We’ve written quite a bit over the years about the Spectrum of Distinctiveness for trademarks, and the all-important difference between suggestive marks and merely descriptive ones, with only the former being allowed immediate rights based on first use.

Creativity is what separates the power of suggestion from the weakness and limbo of descriptiveness.

-Martha Engel, Attorney

In Monday’s decision in the newly minted Matal v. Tam case, the Supreme Court affirmed the Federal Circuit decision that the Trademark Office’s refusal to register THE SLANTS mark on disparagement grounds was unconstitutional.  Many were not surprised by this decision, foreshadowed in part by the transcript of the January oral argument

-Martha Engel, Attorney

“Forties at 4” was a time-honored Friday tradition among my engineering classmates in college.  After our last class, several of them would purchase Miller (if we could find it in a 40 oz) or Old English or some other malt liquor that provided the most bang for the buck.  Cracking one open

-Martha Engel, Attorney

The never-ending battle at the Trademark Office over trademarks for beer and wine suffered another casualty last week, this time over the mark DUO.  Applicant Uinta Brewing Company filed a use-based application to register DUO for beer.  Fun fact:  the Utah-based brewery owns a trademark registration for TINDER for “beer.”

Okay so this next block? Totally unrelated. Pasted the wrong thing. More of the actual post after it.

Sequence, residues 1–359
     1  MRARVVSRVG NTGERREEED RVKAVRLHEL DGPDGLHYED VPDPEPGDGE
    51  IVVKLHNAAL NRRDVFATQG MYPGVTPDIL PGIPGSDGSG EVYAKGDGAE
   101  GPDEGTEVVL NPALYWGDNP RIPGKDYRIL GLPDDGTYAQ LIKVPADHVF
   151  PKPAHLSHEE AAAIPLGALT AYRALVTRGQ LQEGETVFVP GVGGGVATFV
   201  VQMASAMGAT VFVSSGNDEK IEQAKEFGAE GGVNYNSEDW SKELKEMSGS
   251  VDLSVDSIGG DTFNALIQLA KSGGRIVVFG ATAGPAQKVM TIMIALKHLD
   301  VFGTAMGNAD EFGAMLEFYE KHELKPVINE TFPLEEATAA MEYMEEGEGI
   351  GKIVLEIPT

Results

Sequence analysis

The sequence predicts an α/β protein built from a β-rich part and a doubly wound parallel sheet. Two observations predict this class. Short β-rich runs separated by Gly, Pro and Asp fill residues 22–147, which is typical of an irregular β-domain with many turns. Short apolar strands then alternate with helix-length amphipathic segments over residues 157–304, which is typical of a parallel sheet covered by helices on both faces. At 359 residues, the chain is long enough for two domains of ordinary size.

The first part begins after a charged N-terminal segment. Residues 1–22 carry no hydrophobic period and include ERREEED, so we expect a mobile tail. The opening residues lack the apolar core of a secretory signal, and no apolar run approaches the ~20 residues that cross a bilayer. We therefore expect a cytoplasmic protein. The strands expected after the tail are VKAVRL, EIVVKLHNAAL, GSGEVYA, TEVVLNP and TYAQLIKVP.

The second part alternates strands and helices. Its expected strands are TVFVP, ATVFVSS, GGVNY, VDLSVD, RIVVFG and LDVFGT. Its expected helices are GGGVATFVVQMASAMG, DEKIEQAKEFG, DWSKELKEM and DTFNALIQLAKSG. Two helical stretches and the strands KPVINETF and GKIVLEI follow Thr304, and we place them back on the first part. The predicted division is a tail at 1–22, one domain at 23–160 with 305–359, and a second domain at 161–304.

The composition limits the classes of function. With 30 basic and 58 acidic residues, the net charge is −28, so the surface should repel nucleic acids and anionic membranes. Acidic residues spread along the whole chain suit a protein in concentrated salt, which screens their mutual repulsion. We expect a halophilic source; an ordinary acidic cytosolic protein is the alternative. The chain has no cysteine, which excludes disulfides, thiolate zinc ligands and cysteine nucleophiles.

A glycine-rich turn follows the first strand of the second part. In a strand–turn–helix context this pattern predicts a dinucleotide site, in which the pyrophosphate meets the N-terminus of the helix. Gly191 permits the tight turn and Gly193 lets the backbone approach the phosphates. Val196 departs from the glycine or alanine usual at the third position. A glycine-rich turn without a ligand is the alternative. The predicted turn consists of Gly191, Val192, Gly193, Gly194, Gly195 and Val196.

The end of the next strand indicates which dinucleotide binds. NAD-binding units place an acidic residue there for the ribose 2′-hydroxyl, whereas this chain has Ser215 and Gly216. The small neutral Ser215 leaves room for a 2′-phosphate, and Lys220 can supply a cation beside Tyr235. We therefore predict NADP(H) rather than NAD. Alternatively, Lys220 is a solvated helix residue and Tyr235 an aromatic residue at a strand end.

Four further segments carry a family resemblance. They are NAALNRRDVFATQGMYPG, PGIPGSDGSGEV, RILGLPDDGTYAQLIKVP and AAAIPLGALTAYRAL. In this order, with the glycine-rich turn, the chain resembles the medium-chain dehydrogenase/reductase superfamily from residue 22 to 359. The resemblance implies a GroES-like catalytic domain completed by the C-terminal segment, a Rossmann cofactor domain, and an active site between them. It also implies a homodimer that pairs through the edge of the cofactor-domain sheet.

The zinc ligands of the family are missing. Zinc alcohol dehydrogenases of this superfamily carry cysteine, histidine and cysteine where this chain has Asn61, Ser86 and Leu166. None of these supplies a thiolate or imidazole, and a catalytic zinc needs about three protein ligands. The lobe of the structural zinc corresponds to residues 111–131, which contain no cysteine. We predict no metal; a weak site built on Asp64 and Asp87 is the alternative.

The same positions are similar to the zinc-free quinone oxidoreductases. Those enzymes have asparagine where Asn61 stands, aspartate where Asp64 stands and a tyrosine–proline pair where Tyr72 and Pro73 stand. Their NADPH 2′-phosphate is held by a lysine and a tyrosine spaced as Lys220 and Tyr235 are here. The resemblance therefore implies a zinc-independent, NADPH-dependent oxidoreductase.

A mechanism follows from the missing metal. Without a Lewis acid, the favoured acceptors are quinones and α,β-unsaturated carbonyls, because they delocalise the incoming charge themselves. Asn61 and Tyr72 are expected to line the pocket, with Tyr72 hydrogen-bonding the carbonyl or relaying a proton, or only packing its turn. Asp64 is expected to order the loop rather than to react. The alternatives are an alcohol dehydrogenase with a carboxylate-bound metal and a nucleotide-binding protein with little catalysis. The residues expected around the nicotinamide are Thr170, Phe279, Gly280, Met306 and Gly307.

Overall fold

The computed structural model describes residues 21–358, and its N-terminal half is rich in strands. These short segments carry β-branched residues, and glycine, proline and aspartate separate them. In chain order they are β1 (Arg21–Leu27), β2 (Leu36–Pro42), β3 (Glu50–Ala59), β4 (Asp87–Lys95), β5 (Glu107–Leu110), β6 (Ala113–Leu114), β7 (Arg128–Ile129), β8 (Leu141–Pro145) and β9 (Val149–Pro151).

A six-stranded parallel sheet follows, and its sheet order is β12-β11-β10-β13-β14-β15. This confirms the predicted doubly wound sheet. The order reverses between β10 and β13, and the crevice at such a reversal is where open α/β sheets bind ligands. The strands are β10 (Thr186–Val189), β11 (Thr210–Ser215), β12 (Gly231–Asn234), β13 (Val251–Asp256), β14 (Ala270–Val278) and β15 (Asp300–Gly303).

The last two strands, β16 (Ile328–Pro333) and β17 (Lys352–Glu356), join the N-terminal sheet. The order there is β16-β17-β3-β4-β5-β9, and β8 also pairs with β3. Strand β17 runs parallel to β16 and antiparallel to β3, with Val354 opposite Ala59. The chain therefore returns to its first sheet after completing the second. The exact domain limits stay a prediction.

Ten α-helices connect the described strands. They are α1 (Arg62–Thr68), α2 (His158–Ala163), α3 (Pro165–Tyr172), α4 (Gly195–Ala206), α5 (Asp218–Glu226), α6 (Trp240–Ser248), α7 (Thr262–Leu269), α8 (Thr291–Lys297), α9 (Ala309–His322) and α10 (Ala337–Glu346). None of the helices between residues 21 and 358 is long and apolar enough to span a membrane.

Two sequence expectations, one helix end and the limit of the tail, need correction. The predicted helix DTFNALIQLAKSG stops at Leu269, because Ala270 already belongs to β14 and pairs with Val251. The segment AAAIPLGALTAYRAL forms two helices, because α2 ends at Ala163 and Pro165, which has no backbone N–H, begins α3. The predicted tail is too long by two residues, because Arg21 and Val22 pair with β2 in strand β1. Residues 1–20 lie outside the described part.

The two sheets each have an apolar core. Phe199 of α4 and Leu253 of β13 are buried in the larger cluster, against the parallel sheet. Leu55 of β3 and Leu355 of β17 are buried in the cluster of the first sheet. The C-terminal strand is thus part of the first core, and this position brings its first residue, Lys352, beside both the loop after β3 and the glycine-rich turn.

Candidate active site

Uinta Brewing

-Martha Engel, Attorney

It’s rare that we focus on descriptions of goods or services here, but one of the most common reasons that a trademark for a brewery or winery is refused registration at the Trademark Office comes down to the description of services.  “Brewery services” and “winery services” are popular descriptions often used by

The headline might be considered old news to some, but since intellectual property attorneys from around the world will be descending upon Minneapolis for the remainder of the week, and since I’ll be speaking tomorrow at the American Intellectual Property Law Association Spring Meeting at the Minneapolis Hilton, on the history and public policy

-Martha Engel, Attorney

Government approval of commercial speech has been a hot topic of discussion by trademark nerds here and elsewhere in light of recent decisions regarding the Redskins and The Slants marks.  As those decisions proceed up through the appeal channels to the Supreme Court, attention has been drawn to whether or not a

-Martha Engel, Attorney

When an application has been refused registration in view of another’s prior filed mark, one way to resolve the issue is through a consent agreement wherein the registrant consents to the registration and the parties set out the reasons why the parties believe that there is no likelihood of consumer confusion between

-Martha Engel, Attorney

Trademark issues regarding breweries and wineries are increasingly intertwined as both breweries and wineries grow, flower, and spread out throughout the country.  I have talked before about the issues relating to a perceived likelihood of confusion between marks on beer used by breweries and marks on wine used by wineries (see here